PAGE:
The Story of Closing Service Merchandise
Service Merchandise, the catalog showroom turned specialty retailer, is preparing to cease operations for good after a poor post-Sept. 11 performance sapped its remaining vitality.
The company said that it would begin winding down operations Jan. 19 with going-out-of-business sales at its roughly 200 remaining retail stores nationwide. The stores will close, and 8,300 store employees will be laid off, when all assets are liquidated in the spring season.
Employees Laid Off
About half of the 1,000 employees in the company’s corporate, distribution and sales office will be laid off immediately. Remaining employees will be dismissed at staggered intervals through the year. All vendor orders will be canceled immediately.
The company said it planned to file a plan of liquidation by Sept. 30 and provide for the distribution of assets to creditors near the end of the year. The company plans to dispose of its real estate holdings, including about 70 properties it owns and 150 leases.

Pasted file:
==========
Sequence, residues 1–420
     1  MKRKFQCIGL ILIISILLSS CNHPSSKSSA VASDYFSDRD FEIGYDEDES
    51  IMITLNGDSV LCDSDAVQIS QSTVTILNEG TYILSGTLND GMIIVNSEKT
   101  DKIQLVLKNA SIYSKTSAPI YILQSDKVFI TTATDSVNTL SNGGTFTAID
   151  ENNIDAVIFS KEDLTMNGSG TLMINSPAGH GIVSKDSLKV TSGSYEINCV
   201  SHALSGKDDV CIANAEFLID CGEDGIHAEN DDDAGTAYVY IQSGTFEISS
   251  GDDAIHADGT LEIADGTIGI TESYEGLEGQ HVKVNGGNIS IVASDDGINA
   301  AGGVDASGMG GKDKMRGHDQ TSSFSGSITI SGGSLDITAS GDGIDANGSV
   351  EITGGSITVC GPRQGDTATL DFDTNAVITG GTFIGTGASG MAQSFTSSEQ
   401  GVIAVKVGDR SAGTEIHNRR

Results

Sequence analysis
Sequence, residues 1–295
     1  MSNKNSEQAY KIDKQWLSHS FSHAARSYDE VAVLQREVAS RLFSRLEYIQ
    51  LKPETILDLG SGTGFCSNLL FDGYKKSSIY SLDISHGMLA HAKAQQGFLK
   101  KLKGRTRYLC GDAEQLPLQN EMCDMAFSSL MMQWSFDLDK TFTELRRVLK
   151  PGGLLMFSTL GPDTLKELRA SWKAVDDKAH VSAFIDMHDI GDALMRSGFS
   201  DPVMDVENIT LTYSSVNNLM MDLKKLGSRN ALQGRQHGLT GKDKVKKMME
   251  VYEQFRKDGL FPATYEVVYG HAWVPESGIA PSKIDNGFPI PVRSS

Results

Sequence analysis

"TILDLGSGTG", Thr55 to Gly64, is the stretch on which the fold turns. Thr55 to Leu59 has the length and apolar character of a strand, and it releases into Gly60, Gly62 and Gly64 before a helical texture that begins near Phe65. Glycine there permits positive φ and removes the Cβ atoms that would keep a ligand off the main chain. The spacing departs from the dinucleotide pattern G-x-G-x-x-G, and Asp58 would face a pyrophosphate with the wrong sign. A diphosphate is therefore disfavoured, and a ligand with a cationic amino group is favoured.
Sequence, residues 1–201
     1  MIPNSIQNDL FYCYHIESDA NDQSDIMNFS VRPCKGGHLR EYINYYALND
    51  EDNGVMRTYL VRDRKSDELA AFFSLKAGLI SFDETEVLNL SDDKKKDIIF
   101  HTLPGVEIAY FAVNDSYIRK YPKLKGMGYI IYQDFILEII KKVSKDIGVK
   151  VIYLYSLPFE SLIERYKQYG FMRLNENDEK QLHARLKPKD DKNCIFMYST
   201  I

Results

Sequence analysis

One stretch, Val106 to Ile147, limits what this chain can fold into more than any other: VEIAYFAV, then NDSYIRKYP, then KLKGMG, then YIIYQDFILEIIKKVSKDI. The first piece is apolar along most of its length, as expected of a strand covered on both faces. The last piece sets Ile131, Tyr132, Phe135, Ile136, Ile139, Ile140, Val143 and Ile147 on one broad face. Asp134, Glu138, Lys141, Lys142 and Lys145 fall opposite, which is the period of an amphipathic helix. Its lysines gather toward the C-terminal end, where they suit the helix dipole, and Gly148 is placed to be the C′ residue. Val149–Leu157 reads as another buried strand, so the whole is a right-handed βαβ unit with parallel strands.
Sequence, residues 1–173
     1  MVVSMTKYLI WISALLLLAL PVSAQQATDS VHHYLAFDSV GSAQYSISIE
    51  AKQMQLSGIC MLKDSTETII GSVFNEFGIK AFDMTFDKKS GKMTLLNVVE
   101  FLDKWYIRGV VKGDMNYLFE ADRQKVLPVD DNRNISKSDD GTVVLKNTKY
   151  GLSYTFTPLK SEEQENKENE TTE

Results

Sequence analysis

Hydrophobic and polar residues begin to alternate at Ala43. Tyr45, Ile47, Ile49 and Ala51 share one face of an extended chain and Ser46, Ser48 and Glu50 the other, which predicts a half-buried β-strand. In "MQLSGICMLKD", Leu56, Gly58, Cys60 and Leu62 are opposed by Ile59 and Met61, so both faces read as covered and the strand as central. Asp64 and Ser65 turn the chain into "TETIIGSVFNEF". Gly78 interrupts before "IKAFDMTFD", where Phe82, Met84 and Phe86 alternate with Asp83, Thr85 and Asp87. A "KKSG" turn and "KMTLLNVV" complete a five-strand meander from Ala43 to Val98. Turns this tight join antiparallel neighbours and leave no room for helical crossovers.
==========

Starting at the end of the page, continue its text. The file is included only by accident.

According to reports, attorneys for the company told a bankruptcy judge that Service Merchandise lost $180 million in 2000 and about $100 million in 2001 and had $1.34 billion in liabilities compared with $1 billion in assets as of November. Company officials said the combined punch from the Sept. 11 downturn and general downturn in consumer confidence and the economy doomed the retailer.
Quotes from Service Merchandise
“While we wish the final result could have been otherwise, our foremost goal through the cases has been to maximize value for our stakeholders, and we are doing so with this course of action,” said Sam Cusano, chairman/CEO of Service Merchandise, Nashville, TN.
Success over the Years
Service Merchandise’s first catalog showroom opened in 1960. The firm rose to prominence in the 1970s, when it was the nation’s catalog-showroom retailer, achieving annual sales figures that topped $4 billion.
However, the company’s offering lost appeal with consumers. After thriving into the 1980s, the rise of discount stores such as Wal-Mart began draining sales. An effort in 1998 to restructure the company’s offerings to focus on jewelry and home items failed to restore Service Merchandise’s vitality. The retailer filed for bankruptcy in March 1999, closed 130 stores and cut about 31,000 jobs.